30.1 | Savage Delights

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Even as Ren wrapped the pendant inside a handkerchief and shoved it in his pocket, he felt its unnatural presence. Magic writhed between spaces and among shadows—a viper waiting to strike.

As they made their way out of the vault, Elliot shuddered. "I hope I find a way to destroy that thing. The world will be better off without it."

Ren grunted in agreement and stepped into the dark basement, Elliot at his side. Keepers would be coming any moment, so they hastily shut and sealed the iron door before tiptoeing toward the staircase.

They'd barely reached the bottom when Ren heard it—a gunshot. He instinctively raised an arm to block Elliot, while gripping the gun in his waistband.

On the main level, Laguna said, "What was that?"

A number of voices—Misha's included—tried to determine where the shot had come from. It was certainly loud enough to be in or around Lirovin Square.

Ren prayed that some foolish keeper had accidentally fired, or a weapon had malfunctioned. The Volkari were surely going to attack, but he hadn't expected it to be less than two days after they'd acquired Nika's information.

After a moment of silence, he beckoned Elliot to climb the stairs after him, his hand hovering close to the gun.

Instead of taking the side door out, as was the original plan, he accompanied Elliot into an entrance room in the center of the manor. A cluster of keepers stood together idly, confused and waiting for orders. But there was no sign of Misha or Elliot's godmother.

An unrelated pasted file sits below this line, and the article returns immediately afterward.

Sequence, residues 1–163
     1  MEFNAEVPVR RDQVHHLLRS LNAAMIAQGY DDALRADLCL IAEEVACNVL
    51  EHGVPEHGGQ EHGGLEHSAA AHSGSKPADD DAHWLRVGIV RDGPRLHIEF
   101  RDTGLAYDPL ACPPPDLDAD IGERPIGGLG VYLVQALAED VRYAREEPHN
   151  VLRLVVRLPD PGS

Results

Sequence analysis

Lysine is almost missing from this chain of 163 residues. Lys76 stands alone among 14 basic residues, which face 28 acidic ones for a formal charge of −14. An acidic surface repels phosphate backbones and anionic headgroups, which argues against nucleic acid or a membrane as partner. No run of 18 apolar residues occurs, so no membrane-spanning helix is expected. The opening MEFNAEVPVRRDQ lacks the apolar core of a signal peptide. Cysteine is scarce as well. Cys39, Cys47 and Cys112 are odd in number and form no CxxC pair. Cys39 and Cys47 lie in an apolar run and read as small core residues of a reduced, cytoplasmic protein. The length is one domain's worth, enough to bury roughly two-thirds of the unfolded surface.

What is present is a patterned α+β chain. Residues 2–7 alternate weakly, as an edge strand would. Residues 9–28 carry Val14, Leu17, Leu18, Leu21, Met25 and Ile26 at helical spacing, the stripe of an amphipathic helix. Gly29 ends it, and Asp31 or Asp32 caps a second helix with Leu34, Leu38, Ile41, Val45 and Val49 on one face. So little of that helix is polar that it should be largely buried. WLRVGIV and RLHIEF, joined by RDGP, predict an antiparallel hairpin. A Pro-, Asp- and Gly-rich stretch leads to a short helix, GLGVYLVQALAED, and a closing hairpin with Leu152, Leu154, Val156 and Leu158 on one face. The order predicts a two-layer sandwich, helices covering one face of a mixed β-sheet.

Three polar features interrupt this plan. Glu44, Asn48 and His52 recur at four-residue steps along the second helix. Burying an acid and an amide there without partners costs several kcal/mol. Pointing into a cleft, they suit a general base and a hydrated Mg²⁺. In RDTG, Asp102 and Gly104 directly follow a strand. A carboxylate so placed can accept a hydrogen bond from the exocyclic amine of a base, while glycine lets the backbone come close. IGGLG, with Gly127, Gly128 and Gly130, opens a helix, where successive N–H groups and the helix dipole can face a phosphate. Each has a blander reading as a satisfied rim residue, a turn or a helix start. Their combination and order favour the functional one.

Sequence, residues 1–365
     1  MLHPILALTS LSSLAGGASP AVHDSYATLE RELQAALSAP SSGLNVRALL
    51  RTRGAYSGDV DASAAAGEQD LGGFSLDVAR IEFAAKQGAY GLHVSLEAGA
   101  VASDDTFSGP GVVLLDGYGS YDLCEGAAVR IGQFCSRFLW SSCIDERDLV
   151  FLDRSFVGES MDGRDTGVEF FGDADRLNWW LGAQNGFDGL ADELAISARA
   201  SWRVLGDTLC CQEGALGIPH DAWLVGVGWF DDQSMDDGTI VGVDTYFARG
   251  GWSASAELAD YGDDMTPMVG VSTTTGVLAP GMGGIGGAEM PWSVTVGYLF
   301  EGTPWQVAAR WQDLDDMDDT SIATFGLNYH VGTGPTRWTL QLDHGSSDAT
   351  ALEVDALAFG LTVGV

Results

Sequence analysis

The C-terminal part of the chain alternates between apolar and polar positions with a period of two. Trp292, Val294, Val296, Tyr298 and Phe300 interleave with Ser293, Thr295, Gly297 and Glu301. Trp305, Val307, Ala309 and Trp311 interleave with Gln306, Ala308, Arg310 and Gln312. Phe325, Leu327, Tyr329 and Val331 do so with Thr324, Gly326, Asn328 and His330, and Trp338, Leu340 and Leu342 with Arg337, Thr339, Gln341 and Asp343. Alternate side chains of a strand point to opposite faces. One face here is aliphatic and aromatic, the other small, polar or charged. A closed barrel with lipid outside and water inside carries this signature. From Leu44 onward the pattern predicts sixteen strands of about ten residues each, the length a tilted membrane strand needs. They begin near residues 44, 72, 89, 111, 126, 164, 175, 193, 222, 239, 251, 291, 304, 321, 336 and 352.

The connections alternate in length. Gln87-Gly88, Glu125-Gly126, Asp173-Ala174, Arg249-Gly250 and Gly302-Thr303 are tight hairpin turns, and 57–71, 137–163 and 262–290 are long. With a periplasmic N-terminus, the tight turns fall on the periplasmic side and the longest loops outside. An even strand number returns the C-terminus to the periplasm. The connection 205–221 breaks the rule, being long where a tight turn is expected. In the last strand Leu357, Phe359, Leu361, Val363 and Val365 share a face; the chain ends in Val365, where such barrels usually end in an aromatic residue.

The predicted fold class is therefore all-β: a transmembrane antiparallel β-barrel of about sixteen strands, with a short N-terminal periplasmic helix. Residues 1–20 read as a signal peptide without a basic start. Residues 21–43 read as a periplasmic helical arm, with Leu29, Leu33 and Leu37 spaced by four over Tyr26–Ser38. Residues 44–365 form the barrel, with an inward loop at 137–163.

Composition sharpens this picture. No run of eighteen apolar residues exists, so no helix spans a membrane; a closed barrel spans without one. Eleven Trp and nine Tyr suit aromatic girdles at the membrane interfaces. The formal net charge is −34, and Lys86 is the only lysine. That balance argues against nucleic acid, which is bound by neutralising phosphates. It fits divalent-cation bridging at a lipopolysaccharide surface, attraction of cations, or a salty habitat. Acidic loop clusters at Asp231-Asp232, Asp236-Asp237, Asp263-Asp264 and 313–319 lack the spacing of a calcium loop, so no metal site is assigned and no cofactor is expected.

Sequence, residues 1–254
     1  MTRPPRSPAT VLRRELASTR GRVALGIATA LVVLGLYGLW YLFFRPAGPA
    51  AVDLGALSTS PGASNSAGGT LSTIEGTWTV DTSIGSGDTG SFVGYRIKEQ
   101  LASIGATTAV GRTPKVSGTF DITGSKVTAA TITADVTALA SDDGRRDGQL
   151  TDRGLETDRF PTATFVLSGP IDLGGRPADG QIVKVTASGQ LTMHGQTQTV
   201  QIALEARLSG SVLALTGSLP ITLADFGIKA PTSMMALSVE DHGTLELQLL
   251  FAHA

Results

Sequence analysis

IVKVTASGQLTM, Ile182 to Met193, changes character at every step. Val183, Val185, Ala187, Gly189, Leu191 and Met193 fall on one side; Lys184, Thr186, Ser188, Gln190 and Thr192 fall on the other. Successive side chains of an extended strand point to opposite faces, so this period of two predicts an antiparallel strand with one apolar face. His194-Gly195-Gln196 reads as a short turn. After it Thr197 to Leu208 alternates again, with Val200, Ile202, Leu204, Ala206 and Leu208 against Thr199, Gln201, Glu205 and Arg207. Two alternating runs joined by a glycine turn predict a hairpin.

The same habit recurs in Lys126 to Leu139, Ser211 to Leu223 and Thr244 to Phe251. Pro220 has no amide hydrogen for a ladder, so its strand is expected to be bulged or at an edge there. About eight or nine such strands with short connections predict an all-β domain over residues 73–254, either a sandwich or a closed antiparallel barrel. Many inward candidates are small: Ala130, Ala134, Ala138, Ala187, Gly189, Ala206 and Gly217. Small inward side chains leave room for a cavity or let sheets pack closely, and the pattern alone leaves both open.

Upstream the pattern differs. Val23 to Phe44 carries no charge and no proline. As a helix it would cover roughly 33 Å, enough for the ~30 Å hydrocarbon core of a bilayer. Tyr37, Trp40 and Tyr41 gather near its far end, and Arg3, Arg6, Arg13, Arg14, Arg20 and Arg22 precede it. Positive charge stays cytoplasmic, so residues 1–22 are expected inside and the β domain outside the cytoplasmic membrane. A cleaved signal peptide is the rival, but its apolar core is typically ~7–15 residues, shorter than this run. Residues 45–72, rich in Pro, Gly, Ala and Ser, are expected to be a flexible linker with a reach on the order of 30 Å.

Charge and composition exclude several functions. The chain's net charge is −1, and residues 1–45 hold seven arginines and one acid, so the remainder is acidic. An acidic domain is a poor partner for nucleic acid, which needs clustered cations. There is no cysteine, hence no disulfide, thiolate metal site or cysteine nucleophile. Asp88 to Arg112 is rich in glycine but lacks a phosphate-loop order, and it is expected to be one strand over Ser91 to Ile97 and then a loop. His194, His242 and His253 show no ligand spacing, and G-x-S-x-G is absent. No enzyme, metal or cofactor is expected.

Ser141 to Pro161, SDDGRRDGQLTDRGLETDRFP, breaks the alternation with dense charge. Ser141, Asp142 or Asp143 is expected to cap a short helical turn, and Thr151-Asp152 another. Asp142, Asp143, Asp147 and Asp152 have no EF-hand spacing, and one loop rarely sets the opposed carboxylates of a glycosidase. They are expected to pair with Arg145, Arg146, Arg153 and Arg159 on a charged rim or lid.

"Who are you?" one of the keepers asked.

Ren scrambled to find an excuse or lie that wouldn't implicate him of breaking and entering. But before he managed to create it, the keepers raised their weapons in unison.

Not at him, though. For Ren saw the words forming on their lips, the warning that enemies were coming.

He didn't have to look. Didn't have to see what created the deafening crash behind him. He merely dragged Elliot up a grand staircase and tried to maintain cover when growling and gunfire filled house.

Elliot was shrieking and hyperventilating by the time they reached the second level. Ren had half a mind to slap some sense into him. However, his glower seemed effective enough, because Elliot shut his mouth and followed every nudge and gesture.

Ren quickly assessed his surroundings, the network of hallways and rooms. There was no time to be fussy, so he pulled Elliot down a corridor and shoved him inside a bedroom.

"Lock the door," he ordered in a hush. "Find someplace to hide. And take this." He placed Asteroth in Elliot's hands.

The boy stared at the lump of white cloth, eyes widening. "I can't—"

"Don't touch or look at it, and you should be fine. I think someone needs to be wearing it to control minds anyway."

"But why do I have to take it?"

"Would you rather fight the wolves?"

The pallor of Elliot's face was answer enough. So without another word, Ren slammed the door. When he heard the click of the lock, he swiftly and silently moved through the halls.

According to the terrible sounds from below, the first floor was complete chaos. Ren just hoped that Misha had gotten Minister Laguna to safety.

Eager to know the size of the raiding force, Ren peered through a window at the end of a corridor. Perhaps a dozen Volkari prowled through the backyard. There had to be more of them surrounding the rest of the house, and at least three already inside.